Practice Relating to Rule 149. Responsibility for Violations of International Humanitarian Law
Switzerland’s Basic Military Manual (1987) provides: “Violations of the laws and customs of war, commonly called war crimes, engage … the responsibility of the State to which the authors of the violation belong.”
In 2005, in a report in response to a parliamentary postulate on private security and military companies, Switzerland’s Federal Council stated:
Nonfeasance in international law or activities running counter to international law which can be ascribed to states raises the question of their so-called state responsibility. Important rules regarding state responsibility are contained in the  “Draft Articles on Responsibility of States for Internationally Wrongful Acts” of the “International Law Commission” of the United Nations (ILC), a document reflecting international customary law.
A state can be held responsible for acts carried out by its authorities who contravene international law. Conduct running counter to international law of an individual, a group of individuals, or a corporate body which are not state bodies can also be ascribed to a state if the named actors are empowered on the basis of the laws of this state to carry out sovereign activities, or if in their activities they in fact act under the instructions or under the direction or control of this state. In addition, the conduct of an individual or group of individuals, according to international law, is considered to be an act of the state if the individual or group of individuals, in the absence or default of the official authorities actually assume sovereign functions, and conditions are such that the exercise of such sovereign functions are required (Art. 5, 8 and 9 of the ILC Draft Articles).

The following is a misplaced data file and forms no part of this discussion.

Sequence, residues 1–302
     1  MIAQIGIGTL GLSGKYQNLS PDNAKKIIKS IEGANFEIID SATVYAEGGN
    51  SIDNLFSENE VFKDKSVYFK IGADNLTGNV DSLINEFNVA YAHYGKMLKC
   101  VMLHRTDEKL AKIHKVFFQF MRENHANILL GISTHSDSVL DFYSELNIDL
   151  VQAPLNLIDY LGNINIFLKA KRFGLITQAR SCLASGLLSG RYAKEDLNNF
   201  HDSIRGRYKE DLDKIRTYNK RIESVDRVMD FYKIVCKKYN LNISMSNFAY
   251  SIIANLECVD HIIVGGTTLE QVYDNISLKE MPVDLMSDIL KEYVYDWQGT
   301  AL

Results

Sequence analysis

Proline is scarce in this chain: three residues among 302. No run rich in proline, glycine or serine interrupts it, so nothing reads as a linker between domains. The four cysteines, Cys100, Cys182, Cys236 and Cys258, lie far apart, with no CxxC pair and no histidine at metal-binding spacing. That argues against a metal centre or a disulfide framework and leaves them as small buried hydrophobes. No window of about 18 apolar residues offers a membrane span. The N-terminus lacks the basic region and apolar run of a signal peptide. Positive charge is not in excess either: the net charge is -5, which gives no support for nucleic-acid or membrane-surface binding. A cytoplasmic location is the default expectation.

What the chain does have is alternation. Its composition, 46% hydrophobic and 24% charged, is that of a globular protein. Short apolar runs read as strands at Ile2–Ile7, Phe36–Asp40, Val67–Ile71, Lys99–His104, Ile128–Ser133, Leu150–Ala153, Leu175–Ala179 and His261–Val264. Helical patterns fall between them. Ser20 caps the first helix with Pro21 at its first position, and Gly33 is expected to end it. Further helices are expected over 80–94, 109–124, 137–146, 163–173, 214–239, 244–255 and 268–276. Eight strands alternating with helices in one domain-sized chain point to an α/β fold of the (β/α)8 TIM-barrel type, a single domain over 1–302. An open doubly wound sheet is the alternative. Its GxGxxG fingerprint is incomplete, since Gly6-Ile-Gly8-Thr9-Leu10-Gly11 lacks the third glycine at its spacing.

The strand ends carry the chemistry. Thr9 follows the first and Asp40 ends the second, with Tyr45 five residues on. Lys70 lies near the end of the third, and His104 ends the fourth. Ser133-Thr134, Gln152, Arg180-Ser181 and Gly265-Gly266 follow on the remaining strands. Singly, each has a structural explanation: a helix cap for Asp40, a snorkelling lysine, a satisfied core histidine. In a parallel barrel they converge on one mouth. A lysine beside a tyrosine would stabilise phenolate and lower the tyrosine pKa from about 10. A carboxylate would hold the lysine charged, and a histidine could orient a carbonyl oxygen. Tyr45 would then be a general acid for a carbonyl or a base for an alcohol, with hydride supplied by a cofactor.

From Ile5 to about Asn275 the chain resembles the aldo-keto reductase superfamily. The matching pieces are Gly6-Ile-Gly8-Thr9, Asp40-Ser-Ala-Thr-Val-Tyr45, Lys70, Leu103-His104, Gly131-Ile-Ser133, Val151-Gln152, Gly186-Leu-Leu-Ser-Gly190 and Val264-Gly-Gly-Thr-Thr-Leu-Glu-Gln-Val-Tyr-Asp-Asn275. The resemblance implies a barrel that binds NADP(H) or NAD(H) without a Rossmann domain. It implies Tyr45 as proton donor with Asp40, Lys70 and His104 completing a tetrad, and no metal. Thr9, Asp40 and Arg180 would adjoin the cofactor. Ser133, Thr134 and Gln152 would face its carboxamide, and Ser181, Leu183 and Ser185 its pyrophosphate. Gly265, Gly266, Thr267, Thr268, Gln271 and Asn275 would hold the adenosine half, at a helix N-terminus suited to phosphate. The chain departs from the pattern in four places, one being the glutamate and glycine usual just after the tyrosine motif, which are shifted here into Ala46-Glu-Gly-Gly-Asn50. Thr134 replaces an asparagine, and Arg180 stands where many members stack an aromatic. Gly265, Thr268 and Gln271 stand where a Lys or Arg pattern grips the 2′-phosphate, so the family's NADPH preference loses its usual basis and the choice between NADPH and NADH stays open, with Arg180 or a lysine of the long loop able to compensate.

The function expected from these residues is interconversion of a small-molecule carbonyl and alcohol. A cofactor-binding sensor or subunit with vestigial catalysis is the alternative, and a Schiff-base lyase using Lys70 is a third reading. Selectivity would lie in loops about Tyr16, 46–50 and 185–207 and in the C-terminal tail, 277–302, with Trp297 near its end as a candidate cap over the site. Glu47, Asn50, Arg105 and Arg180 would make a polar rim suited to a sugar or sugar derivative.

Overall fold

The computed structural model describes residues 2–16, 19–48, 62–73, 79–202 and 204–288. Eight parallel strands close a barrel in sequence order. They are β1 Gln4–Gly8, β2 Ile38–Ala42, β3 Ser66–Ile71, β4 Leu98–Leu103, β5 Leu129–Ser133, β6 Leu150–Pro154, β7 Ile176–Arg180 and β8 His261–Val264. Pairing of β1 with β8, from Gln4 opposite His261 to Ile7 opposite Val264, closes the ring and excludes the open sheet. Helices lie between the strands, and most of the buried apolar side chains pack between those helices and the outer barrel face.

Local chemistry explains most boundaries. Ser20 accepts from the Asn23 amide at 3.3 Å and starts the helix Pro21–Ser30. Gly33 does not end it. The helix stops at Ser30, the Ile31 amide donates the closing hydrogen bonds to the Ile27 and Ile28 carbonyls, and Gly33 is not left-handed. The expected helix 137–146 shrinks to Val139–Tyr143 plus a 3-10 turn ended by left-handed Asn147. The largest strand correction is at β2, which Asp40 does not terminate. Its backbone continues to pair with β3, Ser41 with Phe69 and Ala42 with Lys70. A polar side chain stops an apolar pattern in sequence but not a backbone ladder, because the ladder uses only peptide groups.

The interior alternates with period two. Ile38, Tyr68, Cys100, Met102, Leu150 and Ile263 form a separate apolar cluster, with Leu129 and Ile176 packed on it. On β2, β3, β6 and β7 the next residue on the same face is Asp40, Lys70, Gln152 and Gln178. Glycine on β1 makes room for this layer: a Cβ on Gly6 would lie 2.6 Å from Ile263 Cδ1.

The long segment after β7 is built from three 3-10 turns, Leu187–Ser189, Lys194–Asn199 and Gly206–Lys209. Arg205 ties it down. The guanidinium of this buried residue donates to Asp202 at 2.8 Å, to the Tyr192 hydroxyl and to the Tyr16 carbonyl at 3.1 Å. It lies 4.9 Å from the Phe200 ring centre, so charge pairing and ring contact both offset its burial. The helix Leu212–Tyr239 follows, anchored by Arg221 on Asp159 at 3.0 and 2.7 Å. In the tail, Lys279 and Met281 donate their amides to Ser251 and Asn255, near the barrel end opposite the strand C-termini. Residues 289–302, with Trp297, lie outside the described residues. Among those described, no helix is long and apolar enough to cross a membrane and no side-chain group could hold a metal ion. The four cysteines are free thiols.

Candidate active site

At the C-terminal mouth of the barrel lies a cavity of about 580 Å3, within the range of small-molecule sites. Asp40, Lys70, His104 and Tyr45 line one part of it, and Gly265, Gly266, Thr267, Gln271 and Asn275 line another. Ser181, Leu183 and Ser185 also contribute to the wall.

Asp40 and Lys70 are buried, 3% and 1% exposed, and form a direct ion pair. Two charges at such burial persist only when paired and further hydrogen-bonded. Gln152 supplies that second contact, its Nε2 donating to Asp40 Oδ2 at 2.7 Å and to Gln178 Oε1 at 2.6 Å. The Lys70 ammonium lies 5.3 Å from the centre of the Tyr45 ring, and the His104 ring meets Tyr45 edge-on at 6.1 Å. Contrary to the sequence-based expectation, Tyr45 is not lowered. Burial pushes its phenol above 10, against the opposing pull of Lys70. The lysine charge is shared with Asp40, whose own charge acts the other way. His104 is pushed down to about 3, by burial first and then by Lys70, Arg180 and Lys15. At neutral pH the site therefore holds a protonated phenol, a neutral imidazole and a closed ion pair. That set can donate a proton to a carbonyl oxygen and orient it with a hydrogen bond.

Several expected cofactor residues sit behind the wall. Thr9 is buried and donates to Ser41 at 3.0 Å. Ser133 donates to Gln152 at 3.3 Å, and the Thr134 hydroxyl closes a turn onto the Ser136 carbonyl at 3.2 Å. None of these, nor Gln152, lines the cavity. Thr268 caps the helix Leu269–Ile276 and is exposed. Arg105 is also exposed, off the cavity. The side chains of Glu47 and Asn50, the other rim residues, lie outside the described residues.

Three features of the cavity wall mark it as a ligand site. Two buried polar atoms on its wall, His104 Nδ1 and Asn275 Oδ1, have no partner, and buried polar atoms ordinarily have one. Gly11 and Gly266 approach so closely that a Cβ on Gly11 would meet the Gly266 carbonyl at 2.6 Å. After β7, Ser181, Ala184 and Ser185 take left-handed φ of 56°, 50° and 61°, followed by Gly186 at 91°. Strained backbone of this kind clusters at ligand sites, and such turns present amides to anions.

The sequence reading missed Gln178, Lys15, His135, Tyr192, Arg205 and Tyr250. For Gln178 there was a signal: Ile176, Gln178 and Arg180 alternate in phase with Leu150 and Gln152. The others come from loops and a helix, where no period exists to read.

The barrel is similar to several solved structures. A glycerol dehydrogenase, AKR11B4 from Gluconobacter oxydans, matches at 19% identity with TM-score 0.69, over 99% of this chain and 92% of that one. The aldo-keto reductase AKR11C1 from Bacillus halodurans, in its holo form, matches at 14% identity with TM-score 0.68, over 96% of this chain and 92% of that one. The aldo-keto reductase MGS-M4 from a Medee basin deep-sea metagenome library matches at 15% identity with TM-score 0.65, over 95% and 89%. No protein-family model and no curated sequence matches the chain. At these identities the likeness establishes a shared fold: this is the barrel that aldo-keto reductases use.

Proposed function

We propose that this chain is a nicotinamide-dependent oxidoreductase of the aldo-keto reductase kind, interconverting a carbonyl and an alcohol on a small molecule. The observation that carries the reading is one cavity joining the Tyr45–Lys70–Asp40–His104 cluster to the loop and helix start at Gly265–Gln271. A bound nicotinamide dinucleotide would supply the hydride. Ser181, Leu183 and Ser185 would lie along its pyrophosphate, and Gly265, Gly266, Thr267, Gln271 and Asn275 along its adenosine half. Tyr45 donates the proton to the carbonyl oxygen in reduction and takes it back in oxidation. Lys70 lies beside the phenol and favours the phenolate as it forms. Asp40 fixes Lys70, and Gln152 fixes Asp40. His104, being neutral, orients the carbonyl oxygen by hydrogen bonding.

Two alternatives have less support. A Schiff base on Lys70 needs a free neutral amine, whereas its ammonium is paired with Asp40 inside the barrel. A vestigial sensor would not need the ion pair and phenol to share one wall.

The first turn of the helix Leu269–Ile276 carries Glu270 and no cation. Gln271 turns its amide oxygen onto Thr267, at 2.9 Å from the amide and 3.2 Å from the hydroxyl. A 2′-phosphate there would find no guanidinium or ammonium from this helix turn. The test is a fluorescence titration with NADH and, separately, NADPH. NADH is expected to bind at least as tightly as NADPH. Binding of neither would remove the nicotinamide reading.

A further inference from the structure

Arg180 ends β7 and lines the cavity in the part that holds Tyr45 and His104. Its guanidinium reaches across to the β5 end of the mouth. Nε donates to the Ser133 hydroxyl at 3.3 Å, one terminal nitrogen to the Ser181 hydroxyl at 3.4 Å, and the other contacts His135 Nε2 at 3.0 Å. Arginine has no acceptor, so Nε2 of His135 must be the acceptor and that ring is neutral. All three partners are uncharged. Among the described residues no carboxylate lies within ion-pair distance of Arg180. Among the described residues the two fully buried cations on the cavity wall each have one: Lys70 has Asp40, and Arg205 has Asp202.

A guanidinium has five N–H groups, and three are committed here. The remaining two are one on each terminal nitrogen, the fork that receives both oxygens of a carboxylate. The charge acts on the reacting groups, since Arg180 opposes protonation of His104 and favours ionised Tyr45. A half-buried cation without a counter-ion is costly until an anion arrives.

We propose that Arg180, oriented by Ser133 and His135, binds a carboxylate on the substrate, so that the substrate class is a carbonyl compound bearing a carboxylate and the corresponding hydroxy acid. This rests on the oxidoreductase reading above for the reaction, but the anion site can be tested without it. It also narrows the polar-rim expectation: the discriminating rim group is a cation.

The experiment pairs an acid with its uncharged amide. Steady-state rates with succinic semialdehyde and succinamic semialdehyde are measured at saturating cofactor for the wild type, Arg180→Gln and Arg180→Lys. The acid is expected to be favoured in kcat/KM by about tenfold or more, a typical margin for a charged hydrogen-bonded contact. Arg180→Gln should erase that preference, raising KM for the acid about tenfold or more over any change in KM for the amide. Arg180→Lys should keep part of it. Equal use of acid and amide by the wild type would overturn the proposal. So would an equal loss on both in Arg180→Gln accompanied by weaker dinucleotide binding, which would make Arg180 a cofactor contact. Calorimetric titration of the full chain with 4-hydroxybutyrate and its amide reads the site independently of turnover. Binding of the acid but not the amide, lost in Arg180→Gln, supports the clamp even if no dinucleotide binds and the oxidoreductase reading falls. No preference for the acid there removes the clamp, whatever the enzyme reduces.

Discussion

The consequence of this state responsibility is the obligation to provide full reparation in the form of restitution, compensation and satisfaction to the wronged state or if necessary to the international community (Part 2 of the ILC Draft Articles).
Thus the conduct of private security companies mandated by states can potentially be ascribed to a state under international law.
[footnote in original omitted; emphasis in original]
In 2010, in its Report on IHL and Current Armed Conflicts, Switzerland’s Federal Council stated that “questions of State responsibility also arise with regard to private military and security companies. In fact, the  Geneva Conventions require that the High Contracting Parties commit to respecting and ensuring respect for international humanitarian law”.
(footnotes in original omitted)